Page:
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Publication numberUS5261662 A
Publication typeGrant
Application numberUS 07/714,520
Publication dateNov 16, 1993
Filing dateJun 13, 1991
Priority dateJun 13, 1991
Fee statusLapsed
Also published asCA2071022A1
Publication number07714520, 714520, US 5261662 A, US 5261662A, US-A-5261662, US5261662 A, US5261662A
InventorsLawrence E. Prevost
Original AssigneePrevost Lawrence E
Export CitationBiBTeX, EndNote, RefMan
External Links: USPTO, USPTO Assignment, Espacenet
Handle for an ice hockey stick
US 5261662 A
Abstract
There is provided a new and useful handle for an ice hockey stick, the handle having an upper end and a lower end, the lower end for joining to an ice hockey blade, the handle comprising an elongated central core section of rectangular cross section having top, bottom and first and second sides, the core from the upper end extending a major part of the distance to the lower end and comprising a wood of relatively low density; a shorter blade receiving section of similar cross section to the elongated core section joined to an end of the core section to form a joint, and extending to the lower end of the handle for receiving a slot for a hockey stick blade, the shorter section comprising a wood of relatively higher density; and hardwood veneer strips extending along and secured to each of the first and second sides of the central core sections and overlapping the joint.
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Claims(16)
What I claim as my invention:
1. A handle for an ice hockey stick, said handle having a predetermined length, an upper end, and a lower end, said lower end comprising joint coupling means for joining to an ice hockey stick blade by means of a first joint, said handle comprising:
an elongated upper central core section of rectangular cross section having a top surface, a bottom surface, and first and second side surfaces, said upper core extending from said upper end of said handle a major part of the distance of said lower end of said handle and comprising a wood of relatively low density;
a shorter blade receiving lower central core section of similar cross section to said elongated upper core section also having a top surface, bottom surface, and first and second side surfaces and joined to an end of said upper core section to form a second joint; said lower core section extending to said lower end of said handle and adapted for having a slot formed therein for joining to a hockey stick blade to form the first joint, said lower central core section comprising a wood of relatively high density; and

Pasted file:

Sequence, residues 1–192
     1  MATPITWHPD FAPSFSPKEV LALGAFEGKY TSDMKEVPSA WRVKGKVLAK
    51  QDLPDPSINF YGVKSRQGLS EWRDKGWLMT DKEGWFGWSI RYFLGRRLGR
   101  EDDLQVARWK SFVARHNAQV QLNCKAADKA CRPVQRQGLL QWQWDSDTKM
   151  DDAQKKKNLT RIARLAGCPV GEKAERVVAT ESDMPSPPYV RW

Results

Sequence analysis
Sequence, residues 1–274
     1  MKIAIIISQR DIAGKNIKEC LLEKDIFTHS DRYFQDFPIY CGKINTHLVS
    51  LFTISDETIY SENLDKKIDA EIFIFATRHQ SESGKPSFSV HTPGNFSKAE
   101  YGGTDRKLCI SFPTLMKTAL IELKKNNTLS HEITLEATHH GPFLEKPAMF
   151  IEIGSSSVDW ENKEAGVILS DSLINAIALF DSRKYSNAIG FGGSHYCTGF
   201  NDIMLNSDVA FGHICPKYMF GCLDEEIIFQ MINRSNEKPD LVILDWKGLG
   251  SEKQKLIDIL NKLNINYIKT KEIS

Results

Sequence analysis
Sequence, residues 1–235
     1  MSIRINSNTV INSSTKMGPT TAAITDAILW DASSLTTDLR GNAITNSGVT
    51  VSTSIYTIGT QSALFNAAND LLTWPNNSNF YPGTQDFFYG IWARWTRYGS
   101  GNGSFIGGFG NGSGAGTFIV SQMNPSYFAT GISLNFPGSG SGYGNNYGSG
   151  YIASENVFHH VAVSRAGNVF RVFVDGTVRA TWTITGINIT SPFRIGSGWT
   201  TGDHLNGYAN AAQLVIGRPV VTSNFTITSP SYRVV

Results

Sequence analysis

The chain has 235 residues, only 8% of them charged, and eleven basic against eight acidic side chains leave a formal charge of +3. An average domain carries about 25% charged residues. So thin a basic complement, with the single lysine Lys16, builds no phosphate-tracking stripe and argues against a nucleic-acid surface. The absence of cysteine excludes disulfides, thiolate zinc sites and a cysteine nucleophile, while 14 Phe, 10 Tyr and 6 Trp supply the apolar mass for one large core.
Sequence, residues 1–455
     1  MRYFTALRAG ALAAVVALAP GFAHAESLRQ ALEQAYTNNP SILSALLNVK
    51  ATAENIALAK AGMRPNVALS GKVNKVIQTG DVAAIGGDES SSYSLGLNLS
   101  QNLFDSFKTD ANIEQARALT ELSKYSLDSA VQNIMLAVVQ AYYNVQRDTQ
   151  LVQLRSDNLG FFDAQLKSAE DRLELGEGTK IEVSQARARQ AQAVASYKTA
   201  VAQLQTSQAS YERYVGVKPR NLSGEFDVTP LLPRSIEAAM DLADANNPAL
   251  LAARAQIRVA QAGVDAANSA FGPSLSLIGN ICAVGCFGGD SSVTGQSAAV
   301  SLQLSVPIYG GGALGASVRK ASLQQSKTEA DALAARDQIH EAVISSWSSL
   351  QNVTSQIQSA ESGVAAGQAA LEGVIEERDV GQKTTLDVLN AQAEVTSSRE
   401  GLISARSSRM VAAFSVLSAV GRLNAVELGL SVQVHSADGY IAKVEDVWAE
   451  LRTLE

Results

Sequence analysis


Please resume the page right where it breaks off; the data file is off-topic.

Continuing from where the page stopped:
hardwood veneer strips extending along and secured to each of said first and second side surfaces of said upper and lower central core sections and overlapping said second joint,
wherein the second joint is spaced from the lower end and the first joint, and the lower core section terminates at the first joint, and
wherein a length of the upper core section plus a length of the lower core section when joined together corresponds to the predetermined length.
2. The handle of claim 1 comprising, in addition, a fiberglass reinforcing strip interposed between said veneer strips and said side surfaces of said upper and lower core sections.
3. The handle of claim 1 wherein said upper core section and said blade receiving section are comprised of at least two laminations from top to bottom and wherein said laminations have parts tapered second at said joint and are interfitted such that said tapered parts of said laminations of said upper core section overlap with said tapered parts of corresponding ones of said laminations of said blade receiving section.
4. The handle of claim 3 wherein said tapered parts are wedge shaped and tapered on one side only.
5. The handle of claim 4 wherein said tapered parts are tapered in the upward or downward directions between said top surface and said bottom surface.
6. The handle of claim 1 wherein said upper core section is tapered, said taper beginning a short distance above said second joint and continuing to said second joint, and continuing further along the length of said blade receiving section, said taper comprising a progressive decreasing of the distance between said first and second side surfaces.